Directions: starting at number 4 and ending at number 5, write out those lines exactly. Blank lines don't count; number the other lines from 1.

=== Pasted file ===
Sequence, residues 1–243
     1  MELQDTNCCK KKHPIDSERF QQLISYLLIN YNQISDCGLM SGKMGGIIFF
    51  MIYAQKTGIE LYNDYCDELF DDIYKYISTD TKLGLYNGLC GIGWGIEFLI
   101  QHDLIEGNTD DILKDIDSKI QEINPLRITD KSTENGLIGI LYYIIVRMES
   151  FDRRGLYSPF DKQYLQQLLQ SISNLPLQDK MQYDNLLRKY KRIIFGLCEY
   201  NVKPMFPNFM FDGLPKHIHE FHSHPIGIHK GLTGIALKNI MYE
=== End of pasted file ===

   101  QHDLIEGNTD DILKDIDSKI QEINPLRITD KSTENGLIGI LYYIIVRMES
   151  FDRRGLYSPF DKQYLQQLLQ SISNLPLQDK MQYDNLLRKY KRIIFGLCEY